The panel looks at international knowledge regimes as they evolved around issues such as human rights, citizenship, indigeneity, peacebuilding, security or new media technologies. It puts a special focus on their national and local adoption and emerging hierarchies of knowledge and power.
Knowledge regimes are "fields of policy research organizations" (Campbell and Pedersen 2015) that have major influence on national ideas of policy-making. Such knowledge regimes have an enormous impact on a national and local level; they are translated and incorporated, reproduced or transformed in a variety of social, cultural, political and economic contexts. In some cases, the local transformations themselves feed back into the (re)construction of knowledge regimes. These translation processes produce mechanisms of inclusion and exclusion at the local level, with regards to access to knowledge regimes and the way how people profit from them or not, the way they are locally adapted and, in turn, the possibilities to shape and take influence on them. The panel looks at international knowledge regimes as they evolved around issues such as human rights, citizenship, indigeneity, peacebuilding, security or new media technologies. It puts a special focus on their national and local adoption and emerging hierarchies of knowledge and power. Representational issues and the capability to produce, disseminate and contest knowledge are inherent part of such analyses of the interrelationships between local and transnational hierarchies and institutions. We welcome both conceptual/theoretical as well as empirically grounded papers analysing the dynamics involved in the spreading, the rejection, the adoption and the reformulation of international knowledge regimes as the ones mentioned above from an anthropological point of view. Papers should also reflect on the potentials and limits that anthropological research entails with regards to the examination of local-transnational interlinkages.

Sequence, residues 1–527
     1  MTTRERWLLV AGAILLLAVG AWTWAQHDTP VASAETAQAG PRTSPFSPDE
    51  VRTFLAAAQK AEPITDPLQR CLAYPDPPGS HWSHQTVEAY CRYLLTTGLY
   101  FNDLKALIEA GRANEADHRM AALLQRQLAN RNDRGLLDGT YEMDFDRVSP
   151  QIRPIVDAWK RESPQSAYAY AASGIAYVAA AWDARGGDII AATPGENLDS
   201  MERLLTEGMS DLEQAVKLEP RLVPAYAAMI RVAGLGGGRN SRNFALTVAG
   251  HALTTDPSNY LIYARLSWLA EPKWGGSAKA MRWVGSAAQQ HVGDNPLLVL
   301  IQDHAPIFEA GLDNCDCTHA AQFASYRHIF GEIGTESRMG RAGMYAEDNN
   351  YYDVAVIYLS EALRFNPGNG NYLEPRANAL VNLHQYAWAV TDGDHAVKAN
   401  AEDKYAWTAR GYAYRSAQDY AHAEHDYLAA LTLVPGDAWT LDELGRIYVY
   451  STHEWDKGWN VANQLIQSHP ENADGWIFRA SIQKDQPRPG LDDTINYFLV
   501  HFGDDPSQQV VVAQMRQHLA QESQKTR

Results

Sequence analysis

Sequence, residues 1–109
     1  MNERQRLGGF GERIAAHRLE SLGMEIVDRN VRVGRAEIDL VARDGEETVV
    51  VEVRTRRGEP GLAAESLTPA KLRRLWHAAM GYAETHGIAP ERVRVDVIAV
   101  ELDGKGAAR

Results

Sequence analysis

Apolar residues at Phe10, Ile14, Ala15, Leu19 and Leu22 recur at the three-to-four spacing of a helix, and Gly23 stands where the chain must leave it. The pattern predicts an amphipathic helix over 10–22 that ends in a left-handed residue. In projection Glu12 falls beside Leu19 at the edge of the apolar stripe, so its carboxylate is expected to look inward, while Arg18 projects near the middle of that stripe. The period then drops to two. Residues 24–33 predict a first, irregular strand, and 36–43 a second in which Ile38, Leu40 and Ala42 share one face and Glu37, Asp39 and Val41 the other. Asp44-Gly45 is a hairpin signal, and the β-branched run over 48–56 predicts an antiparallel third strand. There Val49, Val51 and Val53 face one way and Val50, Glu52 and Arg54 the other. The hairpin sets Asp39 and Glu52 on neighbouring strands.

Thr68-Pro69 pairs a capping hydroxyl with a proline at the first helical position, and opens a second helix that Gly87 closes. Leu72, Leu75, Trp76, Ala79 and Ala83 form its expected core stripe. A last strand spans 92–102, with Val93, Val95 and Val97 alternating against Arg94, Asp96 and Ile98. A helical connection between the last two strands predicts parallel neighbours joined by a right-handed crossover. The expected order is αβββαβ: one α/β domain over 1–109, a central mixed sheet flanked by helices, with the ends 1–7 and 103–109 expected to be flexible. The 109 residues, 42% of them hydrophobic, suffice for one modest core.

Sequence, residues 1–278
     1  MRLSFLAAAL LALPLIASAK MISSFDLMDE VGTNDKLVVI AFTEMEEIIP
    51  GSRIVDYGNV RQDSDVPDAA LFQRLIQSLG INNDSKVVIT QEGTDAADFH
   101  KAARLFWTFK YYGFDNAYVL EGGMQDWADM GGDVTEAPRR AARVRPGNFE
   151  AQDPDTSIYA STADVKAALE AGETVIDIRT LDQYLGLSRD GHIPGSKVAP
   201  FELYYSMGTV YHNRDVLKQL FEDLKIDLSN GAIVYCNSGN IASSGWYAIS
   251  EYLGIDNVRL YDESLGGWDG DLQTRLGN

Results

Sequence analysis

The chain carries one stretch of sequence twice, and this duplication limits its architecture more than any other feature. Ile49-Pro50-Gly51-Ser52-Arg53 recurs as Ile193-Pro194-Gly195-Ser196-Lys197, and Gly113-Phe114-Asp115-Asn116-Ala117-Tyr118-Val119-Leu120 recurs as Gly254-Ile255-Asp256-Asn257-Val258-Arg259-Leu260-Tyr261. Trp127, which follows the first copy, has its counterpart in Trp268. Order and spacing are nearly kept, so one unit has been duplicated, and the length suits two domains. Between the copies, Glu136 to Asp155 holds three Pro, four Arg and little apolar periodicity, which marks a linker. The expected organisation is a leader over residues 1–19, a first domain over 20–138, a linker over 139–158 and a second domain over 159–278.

Remediating ‘others’: how digital media shape local/global knowledge regimes between Iran and ‘the West’
Fallacies in the international knowledge regime of security governance: the case of security sector reforms in Turkey
The socialist roots of neoliberalism: international regimes of knowledge and post-Soviet political subjectivities